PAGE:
Let your toddlers get down and dirty with nature

Experts say not allowing children to get dirty and be exposed to certain outdoor germs may actually be hindering their health.

Experts say not allowing children to get dirty and be exposed to certain outdoor germs may actually be hindering their health.

Remember the days of making mud pies and digging for worms? How about rolling down hills and climbing up trees? When you were a kid, no shirt was ever safe from a dirt or grass stain.

Oh my, have times changed.

Today’s kids have very little experience with outside dirt — the mud squished between their fingers have now been replaced by a never-ending supply of disinfectant wipes and hand sanitizers at the disposal of their doting parents.

The fear that germs will infect their children and cause them to be ill is one that tops the list of every parent, prompting them to take every precaution to make sure it doesn’t happen. But kids are tougher than they’re given credit for.

While parents mean well, not allowing children to get dirty and be exposed to certain outdoor germs may actually be hindering.

Research shows children are spending half as much time outdoors as they did 20 years ago. In fact, kids between the ages of eight and 18 spend an average of 7.5 hours a day in front of entertainment media — that’s more than 53 hours a week.

And all the indoor time is impeding the physical and mental health of North American children.

For nearly 60 years, there’s been a belief — known as the “hygiene hypothesis” — that if children aren’t exposed to certain infectious agents, parasites and symbiotic microorganisms (like gut flora and probiotic) it may stunt the development of their immune system, putting kids at risk for asthma, allergies and other immune-related disorders like type 1 diabetes or multiple sclerosis.

And several studies over the years have been able to support that theory and variations of it.

According to researchers, higher levels of exposure to common bacteria and microbes could help develop the body’s inflammatory systems, which helps the immune system fight infections.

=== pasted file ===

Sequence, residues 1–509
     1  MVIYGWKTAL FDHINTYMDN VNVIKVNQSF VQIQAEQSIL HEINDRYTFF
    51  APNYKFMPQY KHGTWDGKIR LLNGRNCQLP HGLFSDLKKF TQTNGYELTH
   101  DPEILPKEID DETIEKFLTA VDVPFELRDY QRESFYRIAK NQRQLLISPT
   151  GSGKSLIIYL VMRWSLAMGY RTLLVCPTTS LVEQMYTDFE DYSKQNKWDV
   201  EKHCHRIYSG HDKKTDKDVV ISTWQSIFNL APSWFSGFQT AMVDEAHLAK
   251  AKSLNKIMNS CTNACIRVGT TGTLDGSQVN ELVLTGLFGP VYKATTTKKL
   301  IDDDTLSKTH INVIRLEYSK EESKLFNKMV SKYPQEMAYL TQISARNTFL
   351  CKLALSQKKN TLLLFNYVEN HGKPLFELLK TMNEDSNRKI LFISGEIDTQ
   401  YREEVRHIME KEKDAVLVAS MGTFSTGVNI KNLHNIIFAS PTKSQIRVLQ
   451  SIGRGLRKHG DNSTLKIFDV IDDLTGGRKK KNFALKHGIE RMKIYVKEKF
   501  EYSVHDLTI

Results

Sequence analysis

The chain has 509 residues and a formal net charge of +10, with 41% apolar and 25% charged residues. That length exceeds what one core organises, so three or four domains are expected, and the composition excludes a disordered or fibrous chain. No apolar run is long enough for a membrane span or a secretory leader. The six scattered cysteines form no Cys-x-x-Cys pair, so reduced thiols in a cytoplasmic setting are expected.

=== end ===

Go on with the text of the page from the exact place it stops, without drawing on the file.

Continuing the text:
But Dr. Anne Pham-Huy, infectious disease specialist at the Children’s Hospital of Eastern Ontario, said although parents do have a right to worry about certain germs, it’s all about balance.

“We’re not meant to live in a sterile world,” said Pham-Huy.

“I wouldn’t say go eat the dirt, but I would say go play in the dirt. The young child needs to be exposed to different environments to colonize the (bacteria found in their) gut.”

“It’s healthy for children to play outside and there’s no harm in getting dirty,” she added.

“Obviously we don’t want kids to eat things they find in the dirt or not wash their hands because there is the potential for getting sick but it’s common sense — letting kids play and get dirty is completely healthy.”

And more outside time means less likelihood of obesity, myopia and vitamin D deficiency, according to reports.

Then there are the potential mental health benefits.

Did you know there’s a bacteria in soil that triggers the release of serotonin, a chemical responsible for mood balance? That means direct contact with soil could help decrease anxiety and depression and improve cognitive function.

Research also shows stress and anxiety is reduced even further when children are simply in the presence of trees and other outdoor greens.

According to researchers, being outside reduces rumination, a reaction that happens when one becomes sad and can’t stop thinking about what’s causing the sadness.

Simply put, nature doesn’t only make you and your little one healthy, it also makes everyone happy.